Menu Close

Theresa Kufuor: Ghana’s former first lady was a quiet and unobtrusive champion of change

President John Agyekum Kufuor, Queen Elizabeth II, Theresa Kufuor and Prince Philip. Alistair Grant/Getty Images

Flags have been flying at half mast in Ghana in tribute to Theresa Kufuor, the wife of John Agyekum Kufuor, president of Ghana from 2000 to 2008. Born Theresa Mensah, the former first lady passed away on 1 October at the age of 87.

As a scholar of political science and international relations I followed her public career with keen interest.

In my considered view, Theresa Kufuor in her own unique way transcended the ceremonial role of first lady and quietly exercised considerable political power in the Ghanaian political arena. She also endeared herself to Ghanaians through her self-effacing and unobtrusive style.

She will be remembered for devoting herself to national development and to steering the country through turbulent waters.

Who was Theresa Kufuor?

Theresa Kufuor was born on 25 October 1935 in Wenchi, a town in the Bono region of Ghana. She was the youngest sister of Ghanaian statesman and politician J.H. Mensah, point man for the remarkable seven-year development plan set out after independence by the country’s first president. She studied as a registered general nurse in London and qualified as a state certified midwife.

Her marriage in 1962 to Kufuor after meeting him a year earlier in London at a dance seemed natural, given that Kufuor served as deputy foreign minister in a government in which her brother (J.H. Mensah) was a more senior official.

Kufuor’s political rise to the Ghanaian presidency in 2000 brought Theresa more directly into the often acrimonious world of Ghanaian politics. Kufuor set about delicately trying to uproot all vestiges of the Rawlings era, with his wife by his side. She seemed to take it all in her careful stride, with her taciturn, reserved, behind the scenes approach.

A 19-year rule (the first part of which was rather bloody) had come to an end and Theresa Kufuor came across as just the right first lady to help navigate a sensitive and difficult change of the political guard.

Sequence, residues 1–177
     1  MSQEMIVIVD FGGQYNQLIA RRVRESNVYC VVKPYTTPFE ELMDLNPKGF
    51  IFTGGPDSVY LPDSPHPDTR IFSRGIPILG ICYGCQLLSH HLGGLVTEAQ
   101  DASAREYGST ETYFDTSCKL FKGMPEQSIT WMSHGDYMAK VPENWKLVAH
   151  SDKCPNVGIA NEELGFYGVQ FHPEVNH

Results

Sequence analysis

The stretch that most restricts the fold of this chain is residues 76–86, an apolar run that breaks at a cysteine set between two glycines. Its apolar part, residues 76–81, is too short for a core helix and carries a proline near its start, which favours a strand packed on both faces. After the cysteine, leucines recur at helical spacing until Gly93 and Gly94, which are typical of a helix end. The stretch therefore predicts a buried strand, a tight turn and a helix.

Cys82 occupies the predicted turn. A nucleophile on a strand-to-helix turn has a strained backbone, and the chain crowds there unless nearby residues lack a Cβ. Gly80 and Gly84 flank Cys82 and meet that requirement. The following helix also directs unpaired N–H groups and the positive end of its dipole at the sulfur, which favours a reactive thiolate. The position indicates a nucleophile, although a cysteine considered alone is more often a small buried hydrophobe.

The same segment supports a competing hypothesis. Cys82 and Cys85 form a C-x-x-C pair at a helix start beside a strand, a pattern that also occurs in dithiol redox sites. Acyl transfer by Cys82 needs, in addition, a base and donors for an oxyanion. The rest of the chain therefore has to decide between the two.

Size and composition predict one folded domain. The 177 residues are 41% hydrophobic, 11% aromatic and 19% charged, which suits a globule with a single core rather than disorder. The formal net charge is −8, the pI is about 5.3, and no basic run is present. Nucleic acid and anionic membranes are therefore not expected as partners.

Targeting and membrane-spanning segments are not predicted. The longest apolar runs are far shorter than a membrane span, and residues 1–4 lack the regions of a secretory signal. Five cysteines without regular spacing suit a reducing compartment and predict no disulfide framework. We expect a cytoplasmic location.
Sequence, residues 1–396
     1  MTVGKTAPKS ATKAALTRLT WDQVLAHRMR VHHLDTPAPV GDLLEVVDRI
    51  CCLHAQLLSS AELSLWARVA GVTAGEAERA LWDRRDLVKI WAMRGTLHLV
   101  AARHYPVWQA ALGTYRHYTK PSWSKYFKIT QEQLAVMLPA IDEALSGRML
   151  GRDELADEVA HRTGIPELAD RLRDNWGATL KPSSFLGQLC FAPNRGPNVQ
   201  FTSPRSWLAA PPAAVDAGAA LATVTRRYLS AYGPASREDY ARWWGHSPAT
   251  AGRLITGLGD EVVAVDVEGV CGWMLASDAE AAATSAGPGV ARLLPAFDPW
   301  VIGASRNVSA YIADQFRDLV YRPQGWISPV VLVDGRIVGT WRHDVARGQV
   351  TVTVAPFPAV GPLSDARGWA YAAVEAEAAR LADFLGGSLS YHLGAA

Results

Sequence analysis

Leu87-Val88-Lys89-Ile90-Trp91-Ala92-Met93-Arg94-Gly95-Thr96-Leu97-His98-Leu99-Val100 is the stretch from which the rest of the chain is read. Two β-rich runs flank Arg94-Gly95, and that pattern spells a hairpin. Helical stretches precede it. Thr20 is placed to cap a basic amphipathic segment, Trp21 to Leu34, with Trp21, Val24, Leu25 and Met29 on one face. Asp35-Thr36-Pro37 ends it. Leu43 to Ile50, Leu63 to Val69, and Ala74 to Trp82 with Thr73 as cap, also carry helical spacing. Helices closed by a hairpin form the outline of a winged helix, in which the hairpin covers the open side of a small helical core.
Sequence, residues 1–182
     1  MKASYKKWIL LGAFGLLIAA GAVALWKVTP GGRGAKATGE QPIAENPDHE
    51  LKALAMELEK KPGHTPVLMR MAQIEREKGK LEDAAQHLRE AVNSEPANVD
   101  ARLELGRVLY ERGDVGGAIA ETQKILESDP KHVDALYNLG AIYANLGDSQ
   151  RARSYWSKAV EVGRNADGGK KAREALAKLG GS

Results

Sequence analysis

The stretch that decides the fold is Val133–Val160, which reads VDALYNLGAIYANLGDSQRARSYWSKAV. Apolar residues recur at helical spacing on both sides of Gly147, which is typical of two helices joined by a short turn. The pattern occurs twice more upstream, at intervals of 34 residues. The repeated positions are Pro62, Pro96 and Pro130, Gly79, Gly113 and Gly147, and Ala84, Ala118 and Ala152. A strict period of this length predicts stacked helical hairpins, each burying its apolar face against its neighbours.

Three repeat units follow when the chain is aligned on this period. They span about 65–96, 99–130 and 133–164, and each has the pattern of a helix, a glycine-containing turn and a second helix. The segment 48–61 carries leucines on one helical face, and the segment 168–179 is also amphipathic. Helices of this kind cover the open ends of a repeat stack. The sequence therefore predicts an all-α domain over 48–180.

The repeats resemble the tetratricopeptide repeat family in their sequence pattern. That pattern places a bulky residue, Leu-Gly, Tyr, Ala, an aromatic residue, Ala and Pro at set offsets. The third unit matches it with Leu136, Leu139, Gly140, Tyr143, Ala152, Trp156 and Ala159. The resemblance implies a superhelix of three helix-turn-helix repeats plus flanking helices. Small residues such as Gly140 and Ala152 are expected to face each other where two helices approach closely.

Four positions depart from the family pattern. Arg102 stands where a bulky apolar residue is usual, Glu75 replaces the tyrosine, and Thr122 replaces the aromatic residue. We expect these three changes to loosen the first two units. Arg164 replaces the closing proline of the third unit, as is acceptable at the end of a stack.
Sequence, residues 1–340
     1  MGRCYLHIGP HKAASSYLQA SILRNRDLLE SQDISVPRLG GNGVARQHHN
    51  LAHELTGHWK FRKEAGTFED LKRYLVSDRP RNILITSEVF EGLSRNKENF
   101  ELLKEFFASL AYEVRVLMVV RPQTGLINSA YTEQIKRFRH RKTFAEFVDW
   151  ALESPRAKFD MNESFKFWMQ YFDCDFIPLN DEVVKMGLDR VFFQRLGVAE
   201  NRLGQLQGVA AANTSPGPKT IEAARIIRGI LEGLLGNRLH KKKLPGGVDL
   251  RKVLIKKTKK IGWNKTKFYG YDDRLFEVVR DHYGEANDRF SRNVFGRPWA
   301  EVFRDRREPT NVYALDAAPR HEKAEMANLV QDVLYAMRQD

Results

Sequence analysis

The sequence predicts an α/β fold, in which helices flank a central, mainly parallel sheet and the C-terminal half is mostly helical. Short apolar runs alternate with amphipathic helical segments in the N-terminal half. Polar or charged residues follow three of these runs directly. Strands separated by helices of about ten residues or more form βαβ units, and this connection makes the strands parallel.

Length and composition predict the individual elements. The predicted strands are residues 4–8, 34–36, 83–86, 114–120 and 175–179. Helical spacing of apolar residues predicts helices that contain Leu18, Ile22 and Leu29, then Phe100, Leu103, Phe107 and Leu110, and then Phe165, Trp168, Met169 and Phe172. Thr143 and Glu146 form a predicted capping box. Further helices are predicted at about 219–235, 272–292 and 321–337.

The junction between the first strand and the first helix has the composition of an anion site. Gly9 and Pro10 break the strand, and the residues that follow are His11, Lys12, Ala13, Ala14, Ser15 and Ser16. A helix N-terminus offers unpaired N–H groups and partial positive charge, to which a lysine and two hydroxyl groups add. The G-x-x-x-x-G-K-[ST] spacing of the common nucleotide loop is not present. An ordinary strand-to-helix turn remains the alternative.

She proved up to the task. Her well cultivated public persona in key aspects had a calming effect on the nation and its politics. Her sartorial style was less gaudy and very conservative compared with her predecessors. Her speeches were not meant to rally the troops to battle; she simply spoke to the nation with impeccable diction and a rather quaint British accent which recalled colonial times long gone.

She was content to be the dutiful wife who helped the president steer the Ghanaian ship of state to a safe berth in choppy waters. Tapping into her training as a nurse, she made it clear her sole focus was social matters affecting Ghanaian women; she had no pretensions of setting up political machinery to help her husband’s electoral fortunes.

She was a devout Catholic. She was also a strong advocate for a free compulsory universal basic education programme for kindergarten children, as part of the government’s educational reforms in 2007.

Ghana’s first ladies

Fathia Nkrumah, wife of Kwame Nkrumah, was the first of postcolonial Ghana’s first ladies. She held a special fascination for Ghanaians – because of who she was, rather than what she did. She was the niece of the noted Egyptian pan-Arabist advocate and leader Gamal Abdul Nasser.

After 1966 a more activist, even militant, Ghanaian first lady emerged in the person of Nana Konadu Agyeman Rawlings. Nana Konadu pursued far reaching civic, social and economic ventures to better the lot of Ghanaian women and children. However, describing her as “first lady” in the revolutionary years of 1981-1992 was technically a misnomer, given that her husband, then military ruler Jerry Rawlings, was not an executive president.

This anomaly was fixed with the elections of 1992. The election of 2000 ended the rather ebullient Agyeman-Rawlings era. Theresa Kufuor was to follow as first lady. The contrast could not be greater.

Why she mattered

Ghana has celebrated its 30th year since a return to constitutional rule in 1993. Theresa Kufuor played her part in the still ongoing effort to build some of Ghana’s sorely needed social infrastructure for the welfare of women and children.

In her own way she spared no effort and in so doing provided an inspiring example of what it means to be a first lady and what to focus on.

Want to write?

Write an article and join a growing community of more than 187,100 academics and researchers from 4,998 institutions.

Register now